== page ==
|(photo: Els Zweerink)
Hilary Mantel is the author of 10 previous novels, as well as her memoir, Giving Up the Ghost. The Mirror & the Light is the long-awaited final book in her Thomas Cromwell Trilogy, a series of historical novels charting the rise and fall of Cromwell in the court of King Henry VIII. In the Man Booker-winning first volumes, Wolf Hall (2009) and Bring Up the Bodies (2012), Cromwell gained Henry's favor by helping to arrange his marriage to Anne Boleyn, as well as her subsequent execution. The Mirror & the Light (Holt, March 10, 2020) covers the final years of Cromwell's life and the complicated machinations that eventually led to his downfall.
Readers with a sense of history will know how Cromwell's story ends. Did that potential foreknowledge affect any writing decisions you made?
They know how it ends, but they don't know why. Also, surprise isn't the only tool in the writer's kit. Foreknowledge can operate well for you. It builds a sense of dread.
Did the research for The Mirror & the Light pose any special challenges compared to the previous books?
As Cromwell becomes a greater man, the range of his work and the number of his contacts expands. So the documentation becomes more complex, and simply keeping track of the personnel poses a challenge. Only a fraction of what the writer knows is going to get on to the page, but the more you can know, the more you want to know.
It seemed to me that The Mirror & the Light offers more insight into Cromwell's past than either of the previous books. Was there any particular ground regarding his character that you wanted to make sure you delved into in the concluding volume?
We know very little of his early life, but the decision to fictionalise more of his past seemed appropriate--as if under the pressure of events, the mechanisms of repression fail, and he must recast his own story. It is also the story of an evolving relationship. The most important person in his life is the king--and both king and minister are changing, getting older, maybe less hopeful. They are hardened by the challenges of survival, and confronting questions of legacy.
Speaking for myself, at least, it's difficult not to come out of the trilogy feeling like a Cromwell partisan. Would you like it if people came away from this trilogy feeling that Cromwell ultimately made the best of many impossible situations?
That's my feeling exactly. His whole career ought to be impossible, but he made it work through force of intellect and character. I don't deny that he was hard and ruthless--if he hadn't been, we'd never have heard of him. But I think he's interesting and in many ways admirable, in his ingenuity, his spirit, his appetite for complexity. As I see it, his errors were forced errors, and he was destroyed by an international situation that moved against him, rather than by any individual misjudgement. Other than the king's, of course.
I think when Wolf Hall came out it was thought of by many as a rehabilitation of Cromwell as a historical figure. With the trilogy finished, are there other aspects of this historical period that you hope to have reframed in the popular imagination?
I don't think of it as rehabilitation so much as a re-examination and re-focusing, and an exercise in sifting out some of the debris that's fallen into the historical record and been carried down the years. I hope that I can encourage my readers to be more enquiring about the received version of any era--you don't have to believe the first thing you're told.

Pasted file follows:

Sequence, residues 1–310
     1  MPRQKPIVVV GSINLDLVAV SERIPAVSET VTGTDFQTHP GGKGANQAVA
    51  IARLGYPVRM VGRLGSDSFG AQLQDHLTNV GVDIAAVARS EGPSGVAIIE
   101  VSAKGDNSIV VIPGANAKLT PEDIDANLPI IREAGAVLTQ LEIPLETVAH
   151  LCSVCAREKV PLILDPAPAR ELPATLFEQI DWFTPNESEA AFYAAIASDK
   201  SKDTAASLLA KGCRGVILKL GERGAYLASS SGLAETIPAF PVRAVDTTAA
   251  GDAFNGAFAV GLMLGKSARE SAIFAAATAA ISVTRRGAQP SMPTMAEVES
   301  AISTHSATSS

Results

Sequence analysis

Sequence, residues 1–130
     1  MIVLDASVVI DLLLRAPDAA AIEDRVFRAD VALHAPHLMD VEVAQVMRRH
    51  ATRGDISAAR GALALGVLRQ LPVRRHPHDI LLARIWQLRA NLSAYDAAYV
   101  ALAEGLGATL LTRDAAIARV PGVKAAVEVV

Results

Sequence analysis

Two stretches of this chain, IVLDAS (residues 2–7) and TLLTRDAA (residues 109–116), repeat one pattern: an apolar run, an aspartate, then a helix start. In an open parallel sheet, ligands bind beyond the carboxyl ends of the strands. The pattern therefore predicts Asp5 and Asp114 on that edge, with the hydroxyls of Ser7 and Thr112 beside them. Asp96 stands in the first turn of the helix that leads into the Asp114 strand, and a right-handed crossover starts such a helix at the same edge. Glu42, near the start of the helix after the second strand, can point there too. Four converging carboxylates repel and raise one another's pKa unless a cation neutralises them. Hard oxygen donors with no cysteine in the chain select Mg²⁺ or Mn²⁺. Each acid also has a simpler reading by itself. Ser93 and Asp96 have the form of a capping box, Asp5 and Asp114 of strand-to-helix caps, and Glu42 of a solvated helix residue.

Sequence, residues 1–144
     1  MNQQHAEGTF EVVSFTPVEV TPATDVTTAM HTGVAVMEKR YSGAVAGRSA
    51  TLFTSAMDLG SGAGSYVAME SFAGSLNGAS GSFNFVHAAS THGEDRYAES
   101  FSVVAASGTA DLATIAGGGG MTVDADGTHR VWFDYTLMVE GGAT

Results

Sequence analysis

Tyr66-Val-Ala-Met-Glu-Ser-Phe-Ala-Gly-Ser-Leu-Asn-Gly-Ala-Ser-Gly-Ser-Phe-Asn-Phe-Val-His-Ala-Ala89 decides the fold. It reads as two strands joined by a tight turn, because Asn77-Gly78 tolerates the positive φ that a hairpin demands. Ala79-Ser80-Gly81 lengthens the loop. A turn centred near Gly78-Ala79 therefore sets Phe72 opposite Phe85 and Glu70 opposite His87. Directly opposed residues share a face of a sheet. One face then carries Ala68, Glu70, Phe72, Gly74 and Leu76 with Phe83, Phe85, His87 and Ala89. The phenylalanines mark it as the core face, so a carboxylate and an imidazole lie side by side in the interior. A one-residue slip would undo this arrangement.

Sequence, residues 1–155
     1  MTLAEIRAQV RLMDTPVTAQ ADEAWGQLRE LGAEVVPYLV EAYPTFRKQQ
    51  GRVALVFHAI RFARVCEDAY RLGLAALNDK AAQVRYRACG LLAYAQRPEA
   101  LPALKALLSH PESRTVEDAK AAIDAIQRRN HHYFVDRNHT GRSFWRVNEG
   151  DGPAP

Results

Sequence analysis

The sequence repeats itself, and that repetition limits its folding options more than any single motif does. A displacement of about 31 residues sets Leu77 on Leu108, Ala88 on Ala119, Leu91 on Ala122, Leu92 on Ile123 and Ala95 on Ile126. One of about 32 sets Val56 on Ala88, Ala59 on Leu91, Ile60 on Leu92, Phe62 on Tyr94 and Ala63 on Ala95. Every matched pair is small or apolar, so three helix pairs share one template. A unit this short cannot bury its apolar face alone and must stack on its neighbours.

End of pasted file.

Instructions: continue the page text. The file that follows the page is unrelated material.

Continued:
One thing that your books take into account is the degree of physical pain Henry and others experienced on a daily basis. Do you think the omnipresence of this kind of pain changes his perspective in a way healthy readers today might struggle to understand?
Historians debate whether and why Henry's character changed in later life, and what exactly ailed him; it matters, because the personality of the ruler is a vital factor when one man has so much power. His illnesses (certainly in later life, outside the scope of my story) probably had an endocrinological component. But after an accident in 1536, he had an injury which caused him chronic pain, and made him inactive, so he lost his fitness and his admired athlete's body. Medicine of the time couldn't help him much. Even today there's a limit to what we can do about chronic pain. My less fortunate readers will understand that it doesn't make you a better person; I ask the pain-free to try to imagine it.
So much is going on at any one moment in The Mirror & the Light, and yet the story remains accessible. How do you balance capturing the complexity of history as it actually unfolded with accommodating the difficulty readers might have in following the dozens of characters, their relationships, events unfolding on top of each other, etc.? Are there particular strategies that you've honed when it comes to making the narrative accessible to readers?
I think there's a technique every novelist learns over the years, of dipping out of the book to become the reader, and running a check on what must be grasped at every stage. You have to assume an attentive reader--otherwise you're failing comprehensively--and you have to imagine that person to be at least as intelligent as you are, but less knowledgeable on this one topic. You're aiming at a level of complexity that will keep the reader nimble and alert, and also to engage head and heart, simultaneously. Pacing matters; sometimes I want to give the reader a breathing space, a passage where they don't have to learn anything, just dwell with the images and sounds. So I think it's valid to bring the politics to a halt while we admire a bowl of plums together.
What does it feel like to have finished the Cromwell trilogy after years spent writing in that world?
The TV version is in development now, and I am working towards a theatre production--so it will be my world for a long time yet. --Hank Stephenson